In Photos: The Faroe Islands' Controversial Whale Hunt

The tradition has endured for nearly 1,000 years.

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Mar 31 2015, 3:50pm

Last fall, Motherboard sent Ed Ou and Elise Coker to the Faroe Islands to document the small nation's pilot whale hunt, known as the grindadráp or grind, for a documentary you can see here. Ed also happens to be an incredible photographer, and his still photos from the trip offer an entirely different perspective into a tradition that dates back at least to the 9th century, when the Nordic settlers landed on the Faroese archipelago.

Above: Men drag dead pilot whales onto the beach during a hunt in Sandur, Faroe Islands on Aug. 30, 2014. There is almost no native agriculture in the Faroes, and whales historically have been a staple of sustenance for the Faroese. They call this hunt the grind. 

The word "grind" can refer to the pilot whales themselves, the whale meat, or the event of the hunt. The tradition has endured for nearly 1,000 years. The grind usually occurs in the summer, but there is no set date, or even a set season. A grind can happen at any minute. When a pod is spotted, everyone drops what they are doing to participate in the hunt. The meat is shared among the community. (Ed Ou/Getty Images for Motherboard)

Martin Fløghamri fishes with his daughter in their hometown of Oyndarfjørdur. Martin has participated in multiple whale hunts. He feels that the opposition to the grind is purely emotional, and that people should have the right to take advantage of their local resources. (Ed Ou/Getty Images for Motherboard)

Shepherds use a rope to pull a cart across a cliff in Tjørnuvík. At the end of every summer, residents of Tjørnuvík visit a remote island nearby to gather sheep for the annual slaughter. (Ed Ou/Getty Images for Motherboard)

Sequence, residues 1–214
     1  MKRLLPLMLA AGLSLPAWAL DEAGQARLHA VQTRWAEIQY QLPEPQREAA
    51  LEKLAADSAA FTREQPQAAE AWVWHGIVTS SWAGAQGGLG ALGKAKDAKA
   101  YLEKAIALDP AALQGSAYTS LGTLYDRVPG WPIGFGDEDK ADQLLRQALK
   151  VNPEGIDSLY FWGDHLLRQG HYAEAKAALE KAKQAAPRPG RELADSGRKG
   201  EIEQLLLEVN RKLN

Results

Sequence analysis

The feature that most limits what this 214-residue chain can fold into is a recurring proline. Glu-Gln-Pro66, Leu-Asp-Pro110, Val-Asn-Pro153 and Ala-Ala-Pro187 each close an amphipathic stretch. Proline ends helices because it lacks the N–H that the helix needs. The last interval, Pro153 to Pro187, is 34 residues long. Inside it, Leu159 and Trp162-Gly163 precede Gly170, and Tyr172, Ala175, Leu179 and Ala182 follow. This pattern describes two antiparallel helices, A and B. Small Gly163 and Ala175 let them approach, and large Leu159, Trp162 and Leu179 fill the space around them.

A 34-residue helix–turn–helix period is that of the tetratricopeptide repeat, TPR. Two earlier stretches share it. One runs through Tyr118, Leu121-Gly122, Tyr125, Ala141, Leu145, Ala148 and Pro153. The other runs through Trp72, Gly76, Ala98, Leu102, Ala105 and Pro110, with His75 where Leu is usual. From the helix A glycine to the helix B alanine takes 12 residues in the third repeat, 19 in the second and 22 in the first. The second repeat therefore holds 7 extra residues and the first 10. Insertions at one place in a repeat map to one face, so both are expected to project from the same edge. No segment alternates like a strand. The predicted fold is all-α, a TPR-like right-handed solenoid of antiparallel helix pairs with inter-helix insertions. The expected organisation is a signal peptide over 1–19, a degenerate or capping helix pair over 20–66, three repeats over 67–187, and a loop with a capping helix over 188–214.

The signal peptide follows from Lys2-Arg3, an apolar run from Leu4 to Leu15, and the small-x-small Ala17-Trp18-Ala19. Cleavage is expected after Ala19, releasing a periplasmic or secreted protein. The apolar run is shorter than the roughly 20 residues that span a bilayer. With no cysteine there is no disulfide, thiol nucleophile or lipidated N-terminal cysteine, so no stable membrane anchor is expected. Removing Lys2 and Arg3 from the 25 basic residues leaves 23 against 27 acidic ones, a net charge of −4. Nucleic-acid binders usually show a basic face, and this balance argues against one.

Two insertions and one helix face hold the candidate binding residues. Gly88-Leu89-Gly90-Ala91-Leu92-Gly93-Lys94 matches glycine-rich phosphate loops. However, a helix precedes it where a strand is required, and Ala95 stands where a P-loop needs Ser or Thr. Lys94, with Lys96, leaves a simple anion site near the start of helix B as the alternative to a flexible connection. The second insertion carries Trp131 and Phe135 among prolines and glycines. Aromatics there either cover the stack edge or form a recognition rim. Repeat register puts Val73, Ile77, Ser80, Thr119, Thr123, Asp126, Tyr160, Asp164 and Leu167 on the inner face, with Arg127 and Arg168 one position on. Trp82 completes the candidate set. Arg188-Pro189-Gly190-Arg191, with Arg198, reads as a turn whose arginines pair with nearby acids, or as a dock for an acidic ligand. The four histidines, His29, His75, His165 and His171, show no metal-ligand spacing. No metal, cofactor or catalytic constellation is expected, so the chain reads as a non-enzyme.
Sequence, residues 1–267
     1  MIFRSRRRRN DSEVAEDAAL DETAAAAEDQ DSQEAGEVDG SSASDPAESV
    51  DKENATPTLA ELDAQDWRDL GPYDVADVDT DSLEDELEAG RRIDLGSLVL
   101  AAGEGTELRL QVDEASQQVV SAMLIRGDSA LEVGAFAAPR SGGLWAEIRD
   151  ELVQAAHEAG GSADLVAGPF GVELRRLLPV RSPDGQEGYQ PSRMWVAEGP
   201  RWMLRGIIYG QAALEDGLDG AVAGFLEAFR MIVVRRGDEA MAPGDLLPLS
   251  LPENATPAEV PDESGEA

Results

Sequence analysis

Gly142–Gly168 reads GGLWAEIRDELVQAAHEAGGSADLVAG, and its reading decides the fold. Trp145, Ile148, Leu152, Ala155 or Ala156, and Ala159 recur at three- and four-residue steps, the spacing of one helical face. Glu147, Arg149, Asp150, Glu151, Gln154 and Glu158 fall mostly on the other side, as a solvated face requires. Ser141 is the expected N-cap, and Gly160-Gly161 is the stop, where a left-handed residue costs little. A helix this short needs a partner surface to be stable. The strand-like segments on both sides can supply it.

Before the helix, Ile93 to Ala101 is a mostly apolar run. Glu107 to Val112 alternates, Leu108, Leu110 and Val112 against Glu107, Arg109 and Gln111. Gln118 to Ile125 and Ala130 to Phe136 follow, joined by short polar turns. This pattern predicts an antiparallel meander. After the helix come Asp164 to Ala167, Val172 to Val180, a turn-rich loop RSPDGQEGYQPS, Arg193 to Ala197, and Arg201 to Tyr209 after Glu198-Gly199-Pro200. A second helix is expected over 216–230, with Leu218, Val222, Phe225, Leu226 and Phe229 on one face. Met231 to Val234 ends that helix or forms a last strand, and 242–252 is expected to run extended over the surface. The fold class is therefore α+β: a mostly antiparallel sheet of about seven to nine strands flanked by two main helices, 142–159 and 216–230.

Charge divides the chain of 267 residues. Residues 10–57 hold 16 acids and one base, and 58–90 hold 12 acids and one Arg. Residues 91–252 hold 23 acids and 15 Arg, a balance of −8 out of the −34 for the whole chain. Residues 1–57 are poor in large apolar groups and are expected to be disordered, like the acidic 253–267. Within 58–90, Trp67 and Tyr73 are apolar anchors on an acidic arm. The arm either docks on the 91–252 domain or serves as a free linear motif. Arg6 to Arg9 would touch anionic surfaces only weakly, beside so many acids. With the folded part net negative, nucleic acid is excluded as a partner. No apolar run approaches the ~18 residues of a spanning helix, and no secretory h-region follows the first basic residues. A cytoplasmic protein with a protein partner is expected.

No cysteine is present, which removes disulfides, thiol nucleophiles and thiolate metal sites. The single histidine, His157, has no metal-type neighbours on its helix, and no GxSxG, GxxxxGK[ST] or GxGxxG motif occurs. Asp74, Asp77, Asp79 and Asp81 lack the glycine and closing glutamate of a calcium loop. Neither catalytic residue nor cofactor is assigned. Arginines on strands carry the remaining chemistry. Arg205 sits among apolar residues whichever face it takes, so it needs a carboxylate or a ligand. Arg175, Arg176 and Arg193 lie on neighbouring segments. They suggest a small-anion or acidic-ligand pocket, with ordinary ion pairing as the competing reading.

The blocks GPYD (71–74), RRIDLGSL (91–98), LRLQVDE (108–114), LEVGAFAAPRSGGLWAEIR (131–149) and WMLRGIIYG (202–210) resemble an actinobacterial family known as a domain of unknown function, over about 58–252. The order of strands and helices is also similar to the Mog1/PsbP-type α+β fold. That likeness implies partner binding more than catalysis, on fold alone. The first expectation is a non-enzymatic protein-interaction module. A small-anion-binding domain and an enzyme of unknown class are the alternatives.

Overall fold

The last whale to die during a hunt in Sandur, Faroe Islands on Aug. 30, 2014. (Ed Ou/Getty Images for Motherboard)

A boy with a balloon explores a fishing boat in Klaksvik, Faroe Islands. Not much can grow in the Faroe Islands, so the inhabitants have survived throughout the centuries by hunting seabirds, fishing, and raising sheep. (Ed Ou/Getty Images for Motherboard)

Sheep gather near a grass field in Runavik, Faroe Islands. (Ed Ou/Getty Images for Motherboard)

Revelers take part in a traditional chain dance during the national holiday of Ólavsøka, in Torshavn, Faroe Islands on July 30, 2014. (Ed Ou/Getty Images for Motherboard)

In his lab in Kaldbak, Faroese scientist Bjarni Mikkelsen stands over the bodies of five bottle nosed dolphins, which beached themselves in the southern island of Suderoy. Faroese hunters took the opportunity to slaughter the whales for their meat. (Ed Ou/Getty Images for Motherboard)

A girl climbs a top a bed of ice featuring the days catch during a fishing festival in Klaksvik, Faroe Islands on Aug. 23, 2014. (Ed Ou/Getty Images for Motherboard)

Bjorn Simonsen smokes in his family's boat in Elduvik, Faroe Islands. (Ed Ou/Getty Images for Motherboard)

Men harvest the meat of a pilot whale after a hunt in Sandur, Faroe Islands on Aug. 30, 2014. (Ed Ou/Getty Images for Motherboard)

A mother and a child walk by a grazing horse in Torshavn, Faroe Islands. (Ed Ou/Getty Images for Motherboard)

Revelers listen to music at a makeshift church erected during a summer music festival in Gota. (Ed Ou/Getty Images for Motherboard)

Men drag dead pilot whales onto the beach during a hunt in Sandur, Faroe Islands on Aug. 30, 2014. (Ed Ou/Getty Images for Motherboard)

Members of the Sea Shepherd boat crew including Lamya Essemlali (left) patrol the waters for whales surrounding the Faroe Islands on Sept. 22, 2014. In 2014, hundreds of volunteers from Sea Shepherd descended on the Faroe Islands to interfere with the whale hunt, which they say is barbaric and unnecessary. The Faroese fiercely defend their traditions and right to hunt. (Ed Ou/Getty Images for Motherboard)

A Faroese man cleans off pilot whales after a hunt in Sandur, Faroe Islands on Aug. 30, 2014. (Ed Ou/Getty Images for Motherboard)

Seen Martinsson looks at his bloody hands after cutting up freshly hunted whale meat in Sandur, Faroe Islands on Aug. 31, 2014. (Ed Ou/Getty Images for Motherboard)

Shepherds pull a sheep across a cliff in Tjørnuvík. At the end of every summer, residents of Tjørnuvík visit a remote island nearby to gather sheep for the annual slaughter. (Ed Ou/Getty Images for Motherboard)

Women watch an auction for sheep in Tjørnuvík. (Ed Ou/Getty Images for Motherboard)

A man walks under a tunnel on a rainy summer night in Hosvik, Faroe Islands on Aug. 15, 2015. (Ed Ou/Getty Images for Motherboard)